What it means to betray your God
It was, perhaps, through gossips or from other opinions
of the story,
hidden from what breaths life inside us,
that we learnt the ritual of gifting a body eternal peace:
More flowers to your body heading to the cemetery. More closer
your body to eternal rest.
On a rainy night, I kept a bottle of liquor on an old desk
& called my father’s ghost for company, papers filled
with rejected poems scattered around us.
Together, we danced to the sweet memories of young age
buried under a burning tree:
a sociological means of luring a wild horse to the grave.
You should have seen the beauty lying under our footprints;
the wild joy travelling with our voices the wind became jealous.
In an old park,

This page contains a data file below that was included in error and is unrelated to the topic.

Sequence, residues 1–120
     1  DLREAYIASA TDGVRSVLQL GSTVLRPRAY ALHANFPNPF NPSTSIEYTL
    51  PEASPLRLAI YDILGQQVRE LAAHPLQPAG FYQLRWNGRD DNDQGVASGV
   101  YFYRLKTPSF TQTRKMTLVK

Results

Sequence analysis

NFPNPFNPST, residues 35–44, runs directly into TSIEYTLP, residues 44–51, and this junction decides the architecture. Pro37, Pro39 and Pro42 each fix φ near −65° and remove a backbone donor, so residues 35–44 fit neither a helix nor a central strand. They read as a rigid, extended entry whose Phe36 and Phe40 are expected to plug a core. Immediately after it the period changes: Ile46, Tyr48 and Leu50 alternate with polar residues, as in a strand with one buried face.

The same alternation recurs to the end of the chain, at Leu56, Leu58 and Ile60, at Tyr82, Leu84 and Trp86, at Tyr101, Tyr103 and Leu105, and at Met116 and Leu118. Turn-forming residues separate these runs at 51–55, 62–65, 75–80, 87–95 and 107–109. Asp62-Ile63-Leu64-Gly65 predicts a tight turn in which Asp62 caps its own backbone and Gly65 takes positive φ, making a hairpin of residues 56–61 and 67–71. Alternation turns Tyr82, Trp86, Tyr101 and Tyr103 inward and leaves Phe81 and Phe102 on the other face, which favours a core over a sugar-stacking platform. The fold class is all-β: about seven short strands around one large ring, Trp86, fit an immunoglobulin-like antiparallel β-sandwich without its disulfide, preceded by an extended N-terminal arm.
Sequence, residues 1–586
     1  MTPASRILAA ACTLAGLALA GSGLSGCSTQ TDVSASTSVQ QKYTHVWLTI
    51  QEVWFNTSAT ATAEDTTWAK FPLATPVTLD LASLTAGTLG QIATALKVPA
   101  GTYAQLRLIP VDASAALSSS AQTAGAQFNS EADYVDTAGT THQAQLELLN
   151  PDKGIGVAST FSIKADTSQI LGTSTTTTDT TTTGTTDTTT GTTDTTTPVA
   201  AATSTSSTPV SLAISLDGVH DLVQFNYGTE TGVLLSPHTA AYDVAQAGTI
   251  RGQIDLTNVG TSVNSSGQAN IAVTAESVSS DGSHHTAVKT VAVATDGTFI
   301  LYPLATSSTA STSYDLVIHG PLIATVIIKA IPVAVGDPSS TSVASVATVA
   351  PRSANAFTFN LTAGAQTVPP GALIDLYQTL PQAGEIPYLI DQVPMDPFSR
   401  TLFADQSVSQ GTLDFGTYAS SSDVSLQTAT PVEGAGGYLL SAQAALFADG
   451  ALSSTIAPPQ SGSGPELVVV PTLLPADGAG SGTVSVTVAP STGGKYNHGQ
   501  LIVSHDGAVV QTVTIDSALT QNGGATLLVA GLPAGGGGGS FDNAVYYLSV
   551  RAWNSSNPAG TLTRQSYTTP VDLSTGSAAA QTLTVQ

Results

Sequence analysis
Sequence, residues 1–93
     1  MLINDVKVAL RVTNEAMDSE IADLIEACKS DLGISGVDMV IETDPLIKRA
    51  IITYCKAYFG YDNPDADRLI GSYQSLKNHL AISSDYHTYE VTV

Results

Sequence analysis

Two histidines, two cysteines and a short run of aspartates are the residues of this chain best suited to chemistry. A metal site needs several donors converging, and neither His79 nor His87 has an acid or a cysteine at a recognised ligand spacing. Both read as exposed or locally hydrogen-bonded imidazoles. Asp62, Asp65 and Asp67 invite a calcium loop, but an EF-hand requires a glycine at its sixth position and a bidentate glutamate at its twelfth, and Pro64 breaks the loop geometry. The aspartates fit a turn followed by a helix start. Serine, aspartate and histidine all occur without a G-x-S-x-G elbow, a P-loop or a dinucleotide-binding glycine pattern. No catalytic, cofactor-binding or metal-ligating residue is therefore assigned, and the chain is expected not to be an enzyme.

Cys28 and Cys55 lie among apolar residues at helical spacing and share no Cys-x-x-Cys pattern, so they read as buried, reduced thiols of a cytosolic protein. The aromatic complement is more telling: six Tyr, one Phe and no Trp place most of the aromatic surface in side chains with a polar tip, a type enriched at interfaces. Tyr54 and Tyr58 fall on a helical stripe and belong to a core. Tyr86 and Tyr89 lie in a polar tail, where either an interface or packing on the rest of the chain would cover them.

a song reincarnates from my father’s Volvo car
stuffed with heavy luggage of loneliness and old memories.
I think the dead always want to say something
the way a butterfly flutters around our tousled hair
till it breaks the wind into beautiful rhapsodies.
art of grieving
the way walls were created to carry our shadows in darkness,
grief with its heavy wounds draws us closer to sleep,
war reminds the earth the beauty of peace, death teaches us
how to appreciate God.
i have erected a new home beneath my mother’s crowfeet:
say memories are reducing to echoes: a body stands on the bridge
& admires itself,
say this boy testing his faith with a knife is afraid to die young, say this is not a poem:
this is a song bruised by frequent visits & i am not & can never be alone.
i am not alone. i am not…
say the boy tames his demons, say tomorrow gives life for itself.
if an ocean with its outpouring mouth still admires
the sky heavy with rain,
tell me, how much more a body not to desire happiness?
Okeke Onyedika writes from Ojoto, a small town in Nigeria. His works have appeared/forthcoming in Eighteen seventy poetry, Brittle Paper, Deluge Journal, Rockvale, Praxis, African Writers, Tuck Magazine. & elsewhere. Currently, he’s a final year student of Sociology /Anthropology in Nnamdi Azikiwe University, Awka.